With some huge achievements and huger milestones, the Oscars 2018 had some surprises up its sleeve.
Wednesday 14 March 2018
by REUBEN MUIR
As predicted, the Oscars performed as planned, all the frontrunners took home awards, with THE SHAPE OF WATER being the big winner with four awards. Notable awards went to British cinematographer Roger Deakins whose Oscar for BLADE RUNNER 2049 was his first after 14 previous nominations; James Ivory, who won the Oscar for Best Adapted Screenplay for CALL ME BY YOUR NAME, has became the oldest Oscar winner in any category at the age of 89; Jordan Peele is the first African American to win an Oscar for Original Screenplay for GET OUT; and Guillermo Del Toro’s win for Best Director has put him alongside the other members of the so called “Three Amigos” (including Alejandro Iñárritu and Alfonso Cuarón) and has made him the fourth Mexican to win the award in five years. MUDBOUND and THE POST failed to secure a win but the biggest loser was LADY BIRD, which caught some traction in recent months due to the growing #MeToo/#TimesUp movement.
However, while THE SHAPE OF WATER’s win for Best Picture was expected, it should not be forgotten how unusual this win is and how it could impact the future of awards season. Horror, action, fantasy and science fiction genre films are often overlooked by the Oscars. But in recent years the nominations have shown a change in perspective. MAD MAX FURY ROAD and THE MARTIAN were big contenders three years ago, as was ARRIVAL last year and GET OUT and THE SHAPE OF WATER this year. The latter has now become the first fantasy film to win since THE LORD OF THE RINGS: THE RETURN OF THE KING in 2004 and its win could signal an opportunity for more genre fare to also achieve Academy Award success. Of course, the film still contains a lot of traditional Oscar elements, which undoubtedly made it easier for voters to support it. But the opportunities its win has opened up are undeniable and genre filmmaking might finally get the awards recognition it often deserves.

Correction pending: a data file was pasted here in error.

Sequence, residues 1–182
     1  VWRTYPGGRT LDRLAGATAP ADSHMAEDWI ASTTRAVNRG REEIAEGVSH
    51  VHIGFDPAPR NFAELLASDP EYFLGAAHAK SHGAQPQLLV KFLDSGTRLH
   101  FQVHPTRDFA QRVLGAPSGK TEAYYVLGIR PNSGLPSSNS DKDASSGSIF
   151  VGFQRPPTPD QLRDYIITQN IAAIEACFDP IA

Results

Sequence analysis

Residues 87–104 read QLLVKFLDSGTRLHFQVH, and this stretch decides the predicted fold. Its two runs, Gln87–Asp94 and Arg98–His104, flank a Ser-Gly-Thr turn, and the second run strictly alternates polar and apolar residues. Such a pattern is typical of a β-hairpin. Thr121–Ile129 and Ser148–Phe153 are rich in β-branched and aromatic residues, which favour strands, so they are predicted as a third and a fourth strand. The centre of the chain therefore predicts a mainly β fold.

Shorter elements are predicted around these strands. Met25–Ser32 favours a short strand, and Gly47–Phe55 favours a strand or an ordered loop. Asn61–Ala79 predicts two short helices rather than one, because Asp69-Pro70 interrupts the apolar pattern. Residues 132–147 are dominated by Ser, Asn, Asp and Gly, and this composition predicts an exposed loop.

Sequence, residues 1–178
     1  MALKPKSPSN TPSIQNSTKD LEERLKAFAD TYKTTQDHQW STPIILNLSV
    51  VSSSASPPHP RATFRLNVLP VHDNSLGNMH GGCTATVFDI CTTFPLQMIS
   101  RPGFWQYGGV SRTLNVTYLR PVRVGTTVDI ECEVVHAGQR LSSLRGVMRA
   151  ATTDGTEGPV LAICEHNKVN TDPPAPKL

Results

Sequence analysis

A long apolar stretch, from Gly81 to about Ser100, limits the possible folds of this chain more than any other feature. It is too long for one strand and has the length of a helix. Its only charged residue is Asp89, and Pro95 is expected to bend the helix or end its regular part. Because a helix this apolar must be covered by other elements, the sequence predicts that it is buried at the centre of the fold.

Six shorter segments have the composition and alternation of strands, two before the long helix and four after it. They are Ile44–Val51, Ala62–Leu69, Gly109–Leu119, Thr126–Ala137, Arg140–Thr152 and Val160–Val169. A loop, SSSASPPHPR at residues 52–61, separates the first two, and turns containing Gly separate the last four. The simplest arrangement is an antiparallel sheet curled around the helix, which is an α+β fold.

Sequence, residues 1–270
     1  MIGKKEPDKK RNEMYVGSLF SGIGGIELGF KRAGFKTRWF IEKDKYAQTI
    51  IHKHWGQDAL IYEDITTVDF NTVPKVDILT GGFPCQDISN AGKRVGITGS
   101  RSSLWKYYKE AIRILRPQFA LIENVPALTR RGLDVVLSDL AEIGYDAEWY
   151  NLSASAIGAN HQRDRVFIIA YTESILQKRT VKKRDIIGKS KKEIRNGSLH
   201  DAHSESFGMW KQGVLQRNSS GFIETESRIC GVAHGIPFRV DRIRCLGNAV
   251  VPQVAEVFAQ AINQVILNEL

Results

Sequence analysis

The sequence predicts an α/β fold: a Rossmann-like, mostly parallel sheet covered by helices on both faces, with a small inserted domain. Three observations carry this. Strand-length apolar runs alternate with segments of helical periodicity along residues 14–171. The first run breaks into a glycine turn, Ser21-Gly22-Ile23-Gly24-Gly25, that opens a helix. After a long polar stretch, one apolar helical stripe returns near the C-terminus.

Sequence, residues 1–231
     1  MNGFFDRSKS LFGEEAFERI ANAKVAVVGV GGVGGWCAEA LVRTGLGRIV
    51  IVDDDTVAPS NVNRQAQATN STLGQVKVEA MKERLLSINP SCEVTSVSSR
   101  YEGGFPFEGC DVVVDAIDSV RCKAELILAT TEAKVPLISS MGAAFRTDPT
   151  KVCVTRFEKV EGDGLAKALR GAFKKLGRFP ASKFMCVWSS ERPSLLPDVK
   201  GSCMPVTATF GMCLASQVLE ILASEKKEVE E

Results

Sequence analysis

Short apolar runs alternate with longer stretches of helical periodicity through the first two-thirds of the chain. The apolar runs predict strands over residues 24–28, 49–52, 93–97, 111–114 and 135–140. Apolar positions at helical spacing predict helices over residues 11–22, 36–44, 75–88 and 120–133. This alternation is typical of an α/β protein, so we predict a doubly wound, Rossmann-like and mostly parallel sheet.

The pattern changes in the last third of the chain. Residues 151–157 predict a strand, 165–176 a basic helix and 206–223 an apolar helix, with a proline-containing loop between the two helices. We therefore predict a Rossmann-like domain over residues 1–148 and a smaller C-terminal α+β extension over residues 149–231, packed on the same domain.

As for the ceremony itself, it was as average as it could be. Jimmy Kimmel was a fine host but it did feel like he was trying too hard. The most egregious part of the ceremony was when Kimmel took a group of celebrities across the road to surprise unsuspecting cinemagoers. Instead of laughs, the stunt produced groans and felt somewhat obnoxious. Frances McDormand’s acceptance speech for Best Actress for THREE BILLBOARDS OUTSIDE EBBING, MISSOURI garnered the most amount of news coverage following the event. Asking all the female nominees in the auditorium to stand, she highlighted how they all have stories to tell and now is the time to make them. The speech has definitely stuck a chord and has added to the ongoing conversation of diversity in film.